Hebrews 5:2 says of the high priest “he can deal gently with the ignorant and misguided, since he himself also is beset with weakness;” (NASB) Those words show clearly the worth of weakness. All are weak, but not all are willing to admit weakness. Our society looks down on weakness, and meekness is certainly not a trait we value. That is never more obvious than during an election year:)

We are all human beings, and the author of Hebrews is saying that is a good thing. Acknowledging weakness builds a bridge between us as we share the suffering sin inevitably brings. Jesus can relate to our suffering, and he is a compassionate Savior who can relate to our sin because He carried all our sins with Him to His cross.

Human beings are vulnerable and weak and always will be. In recognizing my own weaknesses, I am able to relate to the those in my path. At the heart of God’s truth, if I am willing to hear it, is the inescapable fact that I am a sinner. I must come to a place of knowing and understanding that to accept the forgiveness He offers and begin to walk in His kingdom.

God became human so he could relate to us, and that is at the root of Hebrews 5:2. Even more compelling is the description of Christ’s prayer in verses 7-10 “In the days of His flesh, He offered up both prayers and supplications with loud crying and tears to the One able to save Him from death, and He was heard because of His piety.  Although He was a Son, He learned obedience from the things which He suffered. And having been made perfect, He became to all those who obey Him the source of eternal salvation,  being designated by God as a high priest according to the order of Melchizedek.” (NASB) When I think of Jesus crying out to God and learning obedience from His suffering, I am humbled and comforted as never before.  As I cry out, my tears are caught by hands that hear and sympathize as only those who have traveled the same path can. Christ never sinned, but He did take on mine and understands my heart in a way that makes me want to obey and experience the joy He has in mind for me. He knows exactly how it feels to want God to reach down and fix problems and take away pain, but He also knows that will only make things worse.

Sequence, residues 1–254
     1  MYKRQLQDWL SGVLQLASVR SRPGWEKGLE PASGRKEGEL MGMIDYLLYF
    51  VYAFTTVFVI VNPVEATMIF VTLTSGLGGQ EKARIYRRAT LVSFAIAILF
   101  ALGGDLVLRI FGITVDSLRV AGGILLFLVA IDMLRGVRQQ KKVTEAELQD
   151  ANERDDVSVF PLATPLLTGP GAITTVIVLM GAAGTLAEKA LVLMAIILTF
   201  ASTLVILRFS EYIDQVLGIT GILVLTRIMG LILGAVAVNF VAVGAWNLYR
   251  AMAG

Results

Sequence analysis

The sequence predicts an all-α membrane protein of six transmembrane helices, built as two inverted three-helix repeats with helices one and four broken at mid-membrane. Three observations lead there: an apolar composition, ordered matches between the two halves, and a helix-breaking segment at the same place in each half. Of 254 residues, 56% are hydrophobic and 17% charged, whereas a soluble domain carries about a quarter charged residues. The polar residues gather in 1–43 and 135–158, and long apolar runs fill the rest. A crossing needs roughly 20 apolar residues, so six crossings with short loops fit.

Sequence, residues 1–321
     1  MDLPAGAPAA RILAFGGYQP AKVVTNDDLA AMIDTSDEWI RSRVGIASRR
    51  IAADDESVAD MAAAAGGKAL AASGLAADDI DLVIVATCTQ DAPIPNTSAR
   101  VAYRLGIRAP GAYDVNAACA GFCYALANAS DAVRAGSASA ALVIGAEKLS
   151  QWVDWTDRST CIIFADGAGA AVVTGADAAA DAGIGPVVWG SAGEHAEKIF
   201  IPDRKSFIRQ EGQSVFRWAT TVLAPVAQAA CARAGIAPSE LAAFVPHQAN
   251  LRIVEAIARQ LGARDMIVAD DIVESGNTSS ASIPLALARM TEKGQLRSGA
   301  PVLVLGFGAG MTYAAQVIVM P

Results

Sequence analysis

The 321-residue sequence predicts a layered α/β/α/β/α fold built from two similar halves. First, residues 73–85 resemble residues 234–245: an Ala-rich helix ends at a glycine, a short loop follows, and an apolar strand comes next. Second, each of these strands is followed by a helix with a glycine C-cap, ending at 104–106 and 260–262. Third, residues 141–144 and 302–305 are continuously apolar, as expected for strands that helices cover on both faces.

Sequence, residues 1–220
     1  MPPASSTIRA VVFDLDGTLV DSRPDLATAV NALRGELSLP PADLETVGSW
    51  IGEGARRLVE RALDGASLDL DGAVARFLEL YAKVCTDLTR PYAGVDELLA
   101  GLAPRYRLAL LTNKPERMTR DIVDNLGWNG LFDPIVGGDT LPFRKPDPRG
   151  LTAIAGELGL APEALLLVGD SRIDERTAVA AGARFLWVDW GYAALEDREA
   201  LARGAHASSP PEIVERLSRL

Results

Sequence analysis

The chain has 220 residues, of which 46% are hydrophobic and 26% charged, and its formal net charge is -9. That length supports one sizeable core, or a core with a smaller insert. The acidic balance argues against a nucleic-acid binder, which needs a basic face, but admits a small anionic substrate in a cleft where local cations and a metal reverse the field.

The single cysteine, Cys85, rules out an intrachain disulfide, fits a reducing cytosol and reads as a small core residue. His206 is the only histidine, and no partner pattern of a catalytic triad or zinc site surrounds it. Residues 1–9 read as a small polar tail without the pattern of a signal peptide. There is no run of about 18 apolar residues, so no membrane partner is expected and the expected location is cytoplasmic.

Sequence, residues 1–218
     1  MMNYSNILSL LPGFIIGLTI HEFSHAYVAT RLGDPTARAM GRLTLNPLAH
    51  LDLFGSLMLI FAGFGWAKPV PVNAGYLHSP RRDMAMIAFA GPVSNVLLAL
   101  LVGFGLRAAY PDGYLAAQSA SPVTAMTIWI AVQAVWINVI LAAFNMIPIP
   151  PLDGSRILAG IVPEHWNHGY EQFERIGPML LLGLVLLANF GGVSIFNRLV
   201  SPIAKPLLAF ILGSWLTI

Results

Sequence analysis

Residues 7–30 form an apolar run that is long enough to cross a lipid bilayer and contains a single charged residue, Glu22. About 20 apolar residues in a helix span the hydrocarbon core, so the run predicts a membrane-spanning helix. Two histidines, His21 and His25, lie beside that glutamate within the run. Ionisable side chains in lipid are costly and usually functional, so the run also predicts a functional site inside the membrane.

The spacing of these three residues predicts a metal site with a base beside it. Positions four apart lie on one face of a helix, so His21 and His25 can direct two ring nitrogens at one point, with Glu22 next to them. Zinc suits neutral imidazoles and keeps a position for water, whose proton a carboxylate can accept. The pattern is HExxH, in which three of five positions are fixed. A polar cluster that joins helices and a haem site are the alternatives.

Fixing and enabling teaches dependence not obedience. It is human nature to want to fix weakness instead of allow it to takes its natural course and create the environment necessary to learn obedience. Nothing hurts more than seeing our children hurt, and God knows that better than any one. Nothing hurts our children more than making the path too easy and taking obstacles out of their way. It’s a most difficult lesson, and even Christ cried out for His Father to take away His cup. Obedience is not about control. In fact, it is about letting go of control. That letting go leads to joy, and that’s why God won’t take away our suffering. He knows it’s necessary in order for us to learn obedience and find the joy He has in mind for us.

While there is no end to the cycle of sin, suffering, and obedience as long as I am in this body, there is also no end to the joy that comes when I respond with an obedient, trusting heart. That is the abundance God promises when I understand the worth of weakness and humble myself in obedience to Him.  God’s Holy Spirit will help me when it comes to obeying, and that will lead to joy. Coming face to face with my imperfections is part of His perfect plan. It is what knowing God is all about:)